With no dorm and no desire to return to New York, Stallman followed a path blazed by Greenblatt, Gosper, Sussman, and the many other hackers before him. Enrolling at MIT as a grad student, Stallman rented an apartment in nearby Cambridge but soon viewed the AI Lab itself as his de facto home.

The belief in individual freedom over arbitrary authority extended to school as well. Two years ahead of his classmates by age 11, Stallman endured all the usual frustrations of a gifted public-school student. It wasn't long after the puzzle incident that his mother attended the first in what would become a long string of parent-teacher conferences.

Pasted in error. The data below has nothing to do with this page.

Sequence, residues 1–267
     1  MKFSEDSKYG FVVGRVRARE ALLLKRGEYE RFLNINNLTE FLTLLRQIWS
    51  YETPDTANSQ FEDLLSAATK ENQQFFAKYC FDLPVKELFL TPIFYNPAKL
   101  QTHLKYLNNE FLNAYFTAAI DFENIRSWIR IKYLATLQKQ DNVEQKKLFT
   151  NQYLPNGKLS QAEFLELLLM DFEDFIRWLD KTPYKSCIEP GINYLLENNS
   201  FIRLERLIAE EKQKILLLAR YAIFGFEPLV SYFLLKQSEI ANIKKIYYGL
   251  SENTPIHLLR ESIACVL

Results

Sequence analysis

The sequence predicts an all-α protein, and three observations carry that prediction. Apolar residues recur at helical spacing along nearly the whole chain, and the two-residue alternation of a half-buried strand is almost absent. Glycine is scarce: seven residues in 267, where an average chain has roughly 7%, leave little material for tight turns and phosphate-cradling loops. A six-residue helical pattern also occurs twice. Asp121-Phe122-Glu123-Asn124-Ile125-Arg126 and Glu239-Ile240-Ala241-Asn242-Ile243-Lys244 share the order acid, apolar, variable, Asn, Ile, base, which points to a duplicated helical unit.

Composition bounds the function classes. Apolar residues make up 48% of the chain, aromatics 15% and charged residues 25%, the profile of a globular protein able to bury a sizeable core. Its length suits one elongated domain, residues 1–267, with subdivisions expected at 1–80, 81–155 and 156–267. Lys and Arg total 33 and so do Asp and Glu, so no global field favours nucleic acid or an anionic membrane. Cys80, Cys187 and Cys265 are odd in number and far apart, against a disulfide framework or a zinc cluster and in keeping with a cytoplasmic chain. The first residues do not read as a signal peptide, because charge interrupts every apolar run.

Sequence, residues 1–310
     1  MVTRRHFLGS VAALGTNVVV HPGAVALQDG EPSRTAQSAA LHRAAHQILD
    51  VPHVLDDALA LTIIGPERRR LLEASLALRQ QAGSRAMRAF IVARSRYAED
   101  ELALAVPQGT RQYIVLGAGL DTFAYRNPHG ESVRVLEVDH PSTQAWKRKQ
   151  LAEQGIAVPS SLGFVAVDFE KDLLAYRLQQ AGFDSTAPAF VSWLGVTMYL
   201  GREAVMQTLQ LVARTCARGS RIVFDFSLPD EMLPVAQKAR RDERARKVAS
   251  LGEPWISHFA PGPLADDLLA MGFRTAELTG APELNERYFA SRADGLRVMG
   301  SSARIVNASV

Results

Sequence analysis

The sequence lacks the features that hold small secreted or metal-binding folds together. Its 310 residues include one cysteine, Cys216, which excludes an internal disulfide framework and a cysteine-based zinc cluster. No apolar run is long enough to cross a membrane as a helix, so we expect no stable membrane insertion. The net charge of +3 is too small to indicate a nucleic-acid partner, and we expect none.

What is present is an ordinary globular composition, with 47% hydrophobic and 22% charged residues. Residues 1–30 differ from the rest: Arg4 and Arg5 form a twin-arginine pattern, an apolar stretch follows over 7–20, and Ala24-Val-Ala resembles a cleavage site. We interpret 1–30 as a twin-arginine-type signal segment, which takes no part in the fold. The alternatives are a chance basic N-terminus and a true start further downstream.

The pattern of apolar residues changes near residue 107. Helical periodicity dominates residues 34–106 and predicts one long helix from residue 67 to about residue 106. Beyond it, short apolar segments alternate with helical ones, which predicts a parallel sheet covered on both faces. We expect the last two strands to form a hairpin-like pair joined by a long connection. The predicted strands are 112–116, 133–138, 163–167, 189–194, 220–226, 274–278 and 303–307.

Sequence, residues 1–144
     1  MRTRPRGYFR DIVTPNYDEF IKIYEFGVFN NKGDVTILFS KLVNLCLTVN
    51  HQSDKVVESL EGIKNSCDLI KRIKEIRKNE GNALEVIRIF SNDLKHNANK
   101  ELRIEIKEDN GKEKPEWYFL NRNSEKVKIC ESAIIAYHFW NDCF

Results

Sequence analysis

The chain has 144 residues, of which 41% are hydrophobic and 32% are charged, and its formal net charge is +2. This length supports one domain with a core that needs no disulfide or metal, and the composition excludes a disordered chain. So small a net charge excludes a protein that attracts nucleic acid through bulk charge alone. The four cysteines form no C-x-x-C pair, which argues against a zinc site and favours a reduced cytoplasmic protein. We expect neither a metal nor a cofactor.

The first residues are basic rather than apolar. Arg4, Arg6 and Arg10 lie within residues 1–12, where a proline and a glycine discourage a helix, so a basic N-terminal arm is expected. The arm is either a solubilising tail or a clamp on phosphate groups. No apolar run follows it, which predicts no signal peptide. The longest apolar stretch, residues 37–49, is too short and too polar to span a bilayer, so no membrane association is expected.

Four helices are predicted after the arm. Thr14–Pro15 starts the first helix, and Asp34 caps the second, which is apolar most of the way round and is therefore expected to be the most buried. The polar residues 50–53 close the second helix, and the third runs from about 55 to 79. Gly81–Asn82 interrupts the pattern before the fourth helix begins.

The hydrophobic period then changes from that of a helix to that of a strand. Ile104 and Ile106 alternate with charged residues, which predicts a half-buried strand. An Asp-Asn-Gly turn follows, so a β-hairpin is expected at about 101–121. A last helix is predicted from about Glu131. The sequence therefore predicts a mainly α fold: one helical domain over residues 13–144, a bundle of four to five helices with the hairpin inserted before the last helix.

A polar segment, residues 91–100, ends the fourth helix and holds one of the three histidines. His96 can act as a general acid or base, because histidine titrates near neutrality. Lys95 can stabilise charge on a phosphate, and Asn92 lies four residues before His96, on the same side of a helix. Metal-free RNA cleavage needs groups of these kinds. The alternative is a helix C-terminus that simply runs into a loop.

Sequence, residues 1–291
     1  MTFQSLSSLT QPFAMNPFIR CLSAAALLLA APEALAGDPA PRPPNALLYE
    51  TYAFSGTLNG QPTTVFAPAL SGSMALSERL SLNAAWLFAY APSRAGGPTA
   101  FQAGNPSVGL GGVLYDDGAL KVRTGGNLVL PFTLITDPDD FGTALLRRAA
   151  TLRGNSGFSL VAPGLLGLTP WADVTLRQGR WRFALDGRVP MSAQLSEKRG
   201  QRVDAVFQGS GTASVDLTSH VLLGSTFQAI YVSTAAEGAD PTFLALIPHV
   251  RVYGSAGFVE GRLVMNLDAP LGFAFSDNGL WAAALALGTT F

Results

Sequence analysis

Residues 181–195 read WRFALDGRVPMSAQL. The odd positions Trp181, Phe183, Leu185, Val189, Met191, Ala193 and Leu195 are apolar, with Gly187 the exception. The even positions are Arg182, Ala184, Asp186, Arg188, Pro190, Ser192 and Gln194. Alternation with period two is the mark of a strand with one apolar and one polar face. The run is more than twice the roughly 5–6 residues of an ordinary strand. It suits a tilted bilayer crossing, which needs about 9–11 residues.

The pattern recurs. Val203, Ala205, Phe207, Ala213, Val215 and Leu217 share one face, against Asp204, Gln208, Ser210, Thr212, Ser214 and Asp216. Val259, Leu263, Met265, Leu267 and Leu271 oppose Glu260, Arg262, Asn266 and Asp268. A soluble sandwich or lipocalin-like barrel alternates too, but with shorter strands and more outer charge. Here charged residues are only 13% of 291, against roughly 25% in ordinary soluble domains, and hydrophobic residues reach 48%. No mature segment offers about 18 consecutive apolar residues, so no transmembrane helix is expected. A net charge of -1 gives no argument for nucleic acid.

Thirty years after the fact, Lippman punctuates the memory with a laugh. "To tell you the truth, I don't think I ever figured out how to solve that puzzle," she says. "All I remember is being amazed he knew the answer."

Such statements, while reflective of the hacker ethic, also reflected the difficulty of translating the loose, informal nature of that ethic into the rigid, legal language of copyright. In writing the GNU Emacs License, Stallman had done more than close up the escape hatch that permitted proprietary offshoots. He had expressed the hacker ethic in a manner understandable to both lawyer and hacker alike.